By Ashley Dunkak
COMERICA PARK (CBS DETROIT) – Statistically speaking, Justin Verlander’s difficult 2013 season cannot compare to the rough year of 2008, when he recorded a 4.84 ERA, a 1.403 WHIP and lost 17 games. For Verlander, though, there is similarity in the struggle he went through back then and the one he is working through now.
“For me it does [compare],” Verlander said. “I feel like I’m just a better pitcher than I was in ’08 and I deal with it a lot better.”
Being older and wiser does not make the situation easier. He allowed six runs on 10 hits and walked three batters in Thursday’s loss to the Minnesota Twins, who are 17.5 games back and did not have a single batter hitting .280 or better.
Verlander pitched 65.2 innings over 11 starts between May and June, and his ERA was 4.93. He allowed 72 hits in that span, and opponents had a .348 on-base percentage against him. As the summer progressed, Verlander did too. In the nine starts through July and August before Thursday, Verlander had thrown 61.2 innings, allowed 56 hits and recorded an ERA of 3.26.
After a slew of five-inning starts, he was lasting longer in games, and he was looking more like himself, though hardly the super-dominant version of 2012, when he recorded a 2.64 ERA, and 2011, when his ERA was even better and he won the American League Cy Young and the AL MVP.
All that improvement, and then … a game like Thursday.
“Obviously I’ve been able to pitch a little bit better and I guess you can take some solace in that, but it’s frustrating because I know it’s in there,” Verlander said. “I know what’s in there, and it’s just trying to find it, and I haven’t quite been able to find it yet. There’s been streaks where I’ve been pretty good, streaks where I haven’t been good at all. It’s just about getting consistency.”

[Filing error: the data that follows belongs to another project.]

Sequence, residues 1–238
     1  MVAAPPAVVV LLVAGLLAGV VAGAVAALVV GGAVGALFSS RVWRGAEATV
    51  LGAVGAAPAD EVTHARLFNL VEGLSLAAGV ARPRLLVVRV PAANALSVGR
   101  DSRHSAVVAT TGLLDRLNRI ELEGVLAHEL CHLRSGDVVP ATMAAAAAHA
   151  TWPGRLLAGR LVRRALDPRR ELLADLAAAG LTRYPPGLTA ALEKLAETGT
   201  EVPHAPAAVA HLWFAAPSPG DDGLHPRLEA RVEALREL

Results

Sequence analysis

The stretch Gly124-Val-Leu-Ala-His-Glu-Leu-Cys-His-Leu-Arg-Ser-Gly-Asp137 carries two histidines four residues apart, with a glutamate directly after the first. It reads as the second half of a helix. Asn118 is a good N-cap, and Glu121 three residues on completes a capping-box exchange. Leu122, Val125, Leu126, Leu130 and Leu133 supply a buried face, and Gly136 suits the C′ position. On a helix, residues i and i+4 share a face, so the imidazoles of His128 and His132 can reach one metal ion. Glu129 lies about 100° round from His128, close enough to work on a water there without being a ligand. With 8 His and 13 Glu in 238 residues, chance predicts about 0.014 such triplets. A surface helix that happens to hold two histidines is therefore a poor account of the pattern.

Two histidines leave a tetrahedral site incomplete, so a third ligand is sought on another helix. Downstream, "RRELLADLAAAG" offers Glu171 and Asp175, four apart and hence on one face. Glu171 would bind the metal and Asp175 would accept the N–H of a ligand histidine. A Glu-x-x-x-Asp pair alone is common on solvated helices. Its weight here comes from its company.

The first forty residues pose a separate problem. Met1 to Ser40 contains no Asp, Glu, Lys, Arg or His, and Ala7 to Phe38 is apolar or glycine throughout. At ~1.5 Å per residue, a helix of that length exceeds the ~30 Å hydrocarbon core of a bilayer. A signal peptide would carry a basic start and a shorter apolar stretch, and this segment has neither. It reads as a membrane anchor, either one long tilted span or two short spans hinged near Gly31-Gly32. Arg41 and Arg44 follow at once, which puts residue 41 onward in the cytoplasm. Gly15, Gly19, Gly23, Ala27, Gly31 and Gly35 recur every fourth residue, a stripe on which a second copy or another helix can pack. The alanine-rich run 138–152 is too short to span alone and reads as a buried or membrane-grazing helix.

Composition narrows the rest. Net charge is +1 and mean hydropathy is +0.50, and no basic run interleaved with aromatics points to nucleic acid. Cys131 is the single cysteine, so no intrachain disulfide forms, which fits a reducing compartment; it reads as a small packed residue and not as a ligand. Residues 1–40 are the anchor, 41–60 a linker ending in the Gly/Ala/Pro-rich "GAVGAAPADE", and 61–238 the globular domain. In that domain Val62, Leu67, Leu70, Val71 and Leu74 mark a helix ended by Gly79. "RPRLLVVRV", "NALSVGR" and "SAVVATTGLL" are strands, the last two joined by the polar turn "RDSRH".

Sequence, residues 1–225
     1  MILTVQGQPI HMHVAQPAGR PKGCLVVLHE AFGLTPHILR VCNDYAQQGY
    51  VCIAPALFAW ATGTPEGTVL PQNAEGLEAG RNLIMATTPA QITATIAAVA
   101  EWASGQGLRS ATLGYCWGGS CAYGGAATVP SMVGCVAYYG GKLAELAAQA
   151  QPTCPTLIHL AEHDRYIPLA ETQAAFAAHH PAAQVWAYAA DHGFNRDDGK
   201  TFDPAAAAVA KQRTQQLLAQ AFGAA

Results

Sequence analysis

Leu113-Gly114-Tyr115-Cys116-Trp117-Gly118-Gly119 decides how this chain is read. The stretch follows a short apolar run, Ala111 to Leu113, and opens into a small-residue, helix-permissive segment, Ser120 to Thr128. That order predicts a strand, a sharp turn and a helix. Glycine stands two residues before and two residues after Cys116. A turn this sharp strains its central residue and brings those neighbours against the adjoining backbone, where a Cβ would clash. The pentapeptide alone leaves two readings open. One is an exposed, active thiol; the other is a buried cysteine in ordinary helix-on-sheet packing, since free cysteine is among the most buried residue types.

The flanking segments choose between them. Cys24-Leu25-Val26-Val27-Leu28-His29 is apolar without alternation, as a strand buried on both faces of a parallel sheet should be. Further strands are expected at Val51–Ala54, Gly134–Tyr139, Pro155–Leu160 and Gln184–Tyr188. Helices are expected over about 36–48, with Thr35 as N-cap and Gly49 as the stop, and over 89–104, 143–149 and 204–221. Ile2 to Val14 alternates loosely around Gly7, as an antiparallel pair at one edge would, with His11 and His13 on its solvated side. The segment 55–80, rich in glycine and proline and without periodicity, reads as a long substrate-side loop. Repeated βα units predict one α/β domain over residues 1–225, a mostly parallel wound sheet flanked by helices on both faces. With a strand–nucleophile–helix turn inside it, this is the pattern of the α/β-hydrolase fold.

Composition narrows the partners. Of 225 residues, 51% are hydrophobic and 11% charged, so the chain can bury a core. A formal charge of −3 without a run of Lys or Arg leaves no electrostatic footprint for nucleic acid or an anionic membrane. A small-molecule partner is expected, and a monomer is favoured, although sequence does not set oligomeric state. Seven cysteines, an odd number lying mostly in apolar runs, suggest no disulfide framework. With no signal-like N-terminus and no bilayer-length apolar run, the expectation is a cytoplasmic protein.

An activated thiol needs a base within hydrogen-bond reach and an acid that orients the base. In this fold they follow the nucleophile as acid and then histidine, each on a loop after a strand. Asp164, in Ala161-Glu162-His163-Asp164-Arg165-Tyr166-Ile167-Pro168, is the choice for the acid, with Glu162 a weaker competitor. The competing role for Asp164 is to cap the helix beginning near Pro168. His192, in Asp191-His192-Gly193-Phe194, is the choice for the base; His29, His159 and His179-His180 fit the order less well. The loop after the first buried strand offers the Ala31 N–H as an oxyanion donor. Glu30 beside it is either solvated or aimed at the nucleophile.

Tigers manager Jim Leyland said that he was not concerned about Verlander, that the pitcher just did not have his stuff Thursday, and that his season overall has been good. Even though the longtime ace allowed six runs, Detroit still had a chance at the end of the game, down by just one run. Still, Verlander’s performance continues to aggravate him.
“It’s been quite the grind for me all year,” he said. “A real battle. But all in all, you look at the numbers and it could be a whole lot worse. I wouldn’t call it good; I’d call it frustrating, but when you’re able to go out there and give your team a chance to win, I guess that’s a positive you take away from it.”
Another positive has been the performance of the other starting pitchers – Max Scherzer, Anibal Sanchez, Doug Fister and Rick Porcello. Between those four and Verlander, the Tigers’ starting staff leads Major League Baseball in innings pitched (798.2) and is fourth in both collective ERA (3.41) and batting average against (.246).
Verlander became the highest-paid pitcher in history in March, signing a seven-year, $180 million contract. Were Scherzer and Sanchez not stealing the spotlight, both with ERAs well under 3.00, Verlander would be taking much more heat.
“It definitely helps the way the four other starting pitchers are throwing the ball,” Verlander said. “The weight of the world’s not on my shoulders right now. I’m able to go out there in my bullpen days and really work on stuff, especially with the way Max and Anibal and Doug and Ricky are throwing the ball. It allows me to work on things I need to work on and hopefully be prepared for October.”